The following paper co-authored by Johanna Söderström was presented at the 2018 Swedish National Conference on Peace and Conflict Research. The conference was arranged by Lund University.
“Friends, Fellows and Foes: A new framework for studying relational peace”
Johanna Söderström, Malin Åkebo, Anna Jarstad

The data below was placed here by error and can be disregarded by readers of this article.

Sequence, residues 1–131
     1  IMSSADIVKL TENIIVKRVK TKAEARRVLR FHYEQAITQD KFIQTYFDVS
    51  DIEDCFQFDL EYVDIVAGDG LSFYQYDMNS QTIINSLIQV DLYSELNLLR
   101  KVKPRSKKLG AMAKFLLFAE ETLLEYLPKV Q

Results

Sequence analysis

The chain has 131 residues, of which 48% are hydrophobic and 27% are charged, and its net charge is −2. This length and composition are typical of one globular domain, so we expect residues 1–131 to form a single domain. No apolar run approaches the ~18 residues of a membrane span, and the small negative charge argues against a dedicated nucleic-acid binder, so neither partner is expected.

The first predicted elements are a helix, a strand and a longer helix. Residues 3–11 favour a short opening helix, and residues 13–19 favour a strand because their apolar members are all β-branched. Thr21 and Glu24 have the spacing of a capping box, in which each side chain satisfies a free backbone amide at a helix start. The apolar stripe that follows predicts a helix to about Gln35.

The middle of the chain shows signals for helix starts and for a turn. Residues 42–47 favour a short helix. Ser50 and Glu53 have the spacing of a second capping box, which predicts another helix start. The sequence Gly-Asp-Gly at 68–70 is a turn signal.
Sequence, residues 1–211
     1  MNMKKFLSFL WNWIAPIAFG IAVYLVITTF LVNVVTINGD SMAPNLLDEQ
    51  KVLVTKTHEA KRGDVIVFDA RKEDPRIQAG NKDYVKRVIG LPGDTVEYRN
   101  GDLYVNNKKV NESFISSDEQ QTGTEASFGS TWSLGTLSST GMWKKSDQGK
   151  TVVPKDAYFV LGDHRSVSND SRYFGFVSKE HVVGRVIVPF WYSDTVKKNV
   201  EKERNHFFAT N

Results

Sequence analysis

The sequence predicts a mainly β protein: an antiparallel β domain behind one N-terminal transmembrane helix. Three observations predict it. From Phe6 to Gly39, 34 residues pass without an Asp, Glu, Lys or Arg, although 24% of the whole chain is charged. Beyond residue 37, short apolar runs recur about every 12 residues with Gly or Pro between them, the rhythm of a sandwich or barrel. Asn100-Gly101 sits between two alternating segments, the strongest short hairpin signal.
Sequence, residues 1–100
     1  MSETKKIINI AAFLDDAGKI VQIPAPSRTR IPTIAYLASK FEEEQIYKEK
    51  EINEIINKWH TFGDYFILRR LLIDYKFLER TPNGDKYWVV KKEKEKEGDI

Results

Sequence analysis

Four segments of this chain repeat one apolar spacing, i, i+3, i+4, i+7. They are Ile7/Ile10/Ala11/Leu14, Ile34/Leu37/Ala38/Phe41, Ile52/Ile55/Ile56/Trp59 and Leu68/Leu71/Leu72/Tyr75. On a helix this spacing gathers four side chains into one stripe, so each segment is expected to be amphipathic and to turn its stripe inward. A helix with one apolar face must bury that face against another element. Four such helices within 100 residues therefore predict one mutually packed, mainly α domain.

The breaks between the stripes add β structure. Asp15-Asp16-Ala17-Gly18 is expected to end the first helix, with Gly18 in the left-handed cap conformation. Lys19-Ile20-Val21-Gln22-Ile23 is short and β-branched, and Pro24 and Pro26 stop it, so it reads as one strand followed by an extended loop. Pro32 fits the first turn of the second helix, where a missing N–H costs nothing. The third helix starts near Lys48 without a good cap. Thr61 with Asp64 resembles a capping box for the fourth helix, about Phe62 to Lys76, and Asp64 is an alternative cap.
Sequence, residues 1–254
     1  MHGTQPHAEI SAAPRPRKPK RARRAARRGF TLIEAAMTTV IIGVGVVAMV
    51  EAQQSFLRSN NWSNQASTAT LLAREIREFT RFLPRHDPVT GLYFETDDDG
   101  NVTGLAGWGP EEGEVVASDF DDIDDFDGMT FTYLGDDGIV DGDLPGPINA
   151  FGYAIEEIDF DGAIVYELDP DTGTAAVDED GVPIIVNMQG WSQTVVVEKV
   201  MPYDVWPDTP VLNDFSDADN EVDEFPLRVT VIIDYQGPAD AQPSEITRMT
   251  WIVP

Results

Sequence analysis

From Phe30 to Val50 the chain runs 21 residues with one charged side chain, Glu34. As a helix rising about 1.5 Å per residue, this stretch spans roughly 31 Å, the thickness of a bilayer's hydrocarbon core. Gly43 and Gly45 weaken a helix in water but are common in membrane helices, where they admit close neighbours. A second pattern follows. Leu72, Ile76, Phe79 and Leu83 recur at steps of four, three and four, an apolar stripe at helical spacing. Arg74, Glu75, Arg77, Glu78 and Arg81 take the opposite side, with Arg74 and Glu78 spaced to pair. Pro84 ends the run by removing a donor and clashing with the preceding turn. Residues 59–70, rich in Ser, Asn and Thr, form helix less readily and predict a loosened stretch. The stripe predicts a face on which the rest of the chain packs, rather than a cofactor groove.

Much research on peace conceives of peace as a situation or a condition in a state or society. When agency enters this literature it is often when peacebuilding or resistance toward certain forms of peacebuilding are discussed. The role of agency and specific actors, and their relations in turn is often not part of the literature which describes what peace is. In this paper we suggest that taking a relational view of peace serious, can be a fruitful avenue for expanding current theoretical frameworks surrounding peace as a concept. In order to pave the way for such an approach this paper conducts a review of the literature which takes on peace as a relational concept. We then return to how a relationship is conceptualized, before turning to how such components would be further defined in order to specify relational peace. Based on this framework, we argue that a peaceful relation entails non-domination, deliberation and cooperation between the actors in the dyad, the actors involved recognize and trust each other and believe that the relationship is one between legitimate partners and ultimately an expression of friendship. It clarifies the methodological implications of studying peace in this manner. It also demonstrates some of the advantages of this approach. For instance if we regard peace as a relationship between actors at different levels of society peace and war become a web of multiple interactions, and it becomes clear how peace and war can co-exist, rather than be two mutually exclusive categories. The paper clarifies the importance of studying relations, and how actors understand these relationships, as a way of studying varieties of peace.
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